HOW CLIMATE CHANGE COMES TO MATTER: THE COMMUNAL FACTS OF LIFE

Reviewed by Jessica Gordon, Massachusetts Institute of Technology

An engaging title demonstrating that climate change action will require more than increased public understanding and access to information

climate change matter

How Climate Change Comes to Matter: The Communal Life of Facts, by Candis Callison, Duke University Press, 2014

Many of us have wondered what it will take for Americans to finally address climate change, given the overwhelming scientific evidence already in hand.  How Climate Change Comes to Matter: The Communal Life of Facts sheds light on this question by analyzing the discourses and practices of five communities engaging the public on climate change: Arctic indigenous representatives of the Inuit Circumpolar Council, corporate social responsibility activists associated with Ceres, American evangelical Christians, science journalists, and science and science policy experts. The contrast across these communities creates a compelling account and dispels any notion that climate change is simply a scientific question. Using an ethnographic approach, the cases demonstrate how climate change has become intertwined with belief systems, practices, expertise and indigenous knowledge as ideas move across and within these groups and climate change gains in salience.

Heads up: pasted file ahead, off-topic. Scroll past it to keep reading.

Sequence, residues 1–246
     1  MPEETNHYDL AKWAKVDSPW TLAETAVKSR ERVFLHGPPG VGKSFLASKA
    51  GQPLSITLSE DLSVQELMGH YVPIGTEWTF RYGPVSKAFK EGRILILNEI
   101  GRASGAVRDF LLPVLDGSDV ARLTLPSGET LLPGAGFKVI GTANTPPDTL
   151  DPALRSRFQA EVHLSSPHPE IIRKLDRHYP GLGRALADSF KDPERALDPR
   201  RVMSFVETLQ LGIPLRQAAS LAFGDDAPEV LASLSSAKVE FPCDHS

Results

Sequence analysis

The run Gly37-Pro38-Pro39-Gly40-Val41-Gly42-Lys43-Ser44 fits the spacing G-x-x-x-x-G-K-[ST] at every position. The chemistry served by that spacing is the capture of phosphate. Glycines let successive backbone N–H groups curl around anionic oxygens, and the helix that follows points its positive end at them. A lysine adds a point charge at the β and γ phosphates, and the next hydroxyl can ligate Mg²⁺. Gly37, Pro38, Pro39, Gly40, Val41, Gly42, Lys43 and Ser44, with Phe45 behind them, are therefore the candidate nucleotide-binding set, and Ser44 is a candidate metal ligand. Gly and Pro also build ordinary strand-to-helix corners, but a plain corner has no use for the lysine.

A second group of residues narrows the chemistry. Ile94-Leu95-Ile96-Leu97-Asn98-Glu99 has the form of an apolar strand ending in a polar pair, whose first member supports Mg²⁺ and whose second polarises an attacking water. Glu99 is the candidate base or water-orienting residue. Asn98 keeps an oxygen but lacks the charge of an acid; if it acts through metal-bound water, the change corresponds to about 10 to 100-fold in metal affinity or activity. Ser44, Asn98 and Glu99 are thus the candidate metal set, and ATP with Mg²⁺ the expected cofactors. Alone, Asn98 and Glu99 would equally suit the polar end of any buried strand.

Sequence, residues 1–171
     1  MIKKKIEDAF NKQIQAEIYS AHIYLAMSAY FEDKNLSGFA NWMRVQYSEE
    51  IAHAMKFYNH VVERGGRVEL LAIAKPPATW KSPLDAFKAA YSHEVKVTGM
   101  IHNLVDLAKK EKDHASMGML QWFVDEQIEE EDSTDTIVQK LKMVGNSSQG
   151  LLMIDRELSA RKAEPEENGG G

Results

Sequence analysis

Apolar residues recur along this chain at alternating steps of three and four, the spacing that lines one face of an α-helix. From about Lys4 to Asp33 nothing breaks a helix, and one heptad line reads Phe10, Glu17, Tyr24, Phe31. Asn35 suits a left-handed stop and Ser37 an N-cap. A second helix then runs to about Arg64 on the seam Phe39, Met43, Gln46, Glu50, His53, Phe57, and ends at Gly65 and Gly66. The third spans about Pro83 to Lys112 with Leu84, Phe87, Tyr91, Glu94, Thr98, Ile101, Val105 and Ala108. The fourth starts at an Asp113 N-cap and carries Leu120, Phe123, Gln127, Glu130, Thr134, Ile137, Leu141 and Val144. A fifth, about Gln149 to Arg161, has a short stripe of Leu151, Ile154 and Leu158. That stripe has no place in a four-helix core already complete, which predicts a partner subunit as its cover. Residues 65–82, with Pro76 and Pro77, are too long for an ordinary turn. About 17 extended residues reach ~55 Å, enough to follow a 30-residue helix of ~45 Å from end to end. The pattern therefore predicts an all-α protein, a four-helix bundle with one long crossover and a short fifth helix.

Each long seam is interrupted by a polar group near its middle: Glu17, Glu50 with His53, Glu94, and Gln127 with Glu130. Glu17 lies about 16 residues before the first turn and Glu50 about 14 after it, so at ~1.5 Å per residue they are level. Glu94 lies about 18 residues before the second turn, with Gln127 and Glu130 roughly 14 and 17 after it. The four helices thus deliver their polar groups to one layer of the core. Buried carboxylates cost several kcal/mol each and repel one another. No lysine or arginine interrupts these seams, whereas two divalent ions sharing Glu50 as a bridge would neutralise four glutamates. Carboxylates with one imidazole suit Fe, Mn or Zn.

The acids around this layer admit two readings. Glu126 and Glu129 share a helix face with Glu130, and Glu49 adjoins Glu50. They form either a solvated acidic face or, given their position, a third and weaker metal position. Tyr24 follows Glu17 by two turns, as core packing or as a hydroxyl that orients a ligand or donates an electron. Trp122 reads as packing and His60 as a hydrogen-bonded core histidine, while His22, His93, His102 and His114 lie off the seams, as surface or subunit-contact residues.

Callison argues that action on climate change ultimately requires “a negotiation with ethics, morality, and meaning-making both in collective and individual terms.” Thus, the common plea that we need to increase public understanding and access to information will never be sufficient enough to support real change. The differences among the five cases make this abundantly clear and leads Callison to call for collective public engagement across diverse groups.

At times, the book feels a bit too much like a dissertation, but it is engaging nonetheless.  While focused on climate change, it offers useful advice for those interested in other environmental issues as it delves into broad questions about the role of science, scientists and the media, expertise and advocacy in democracies.


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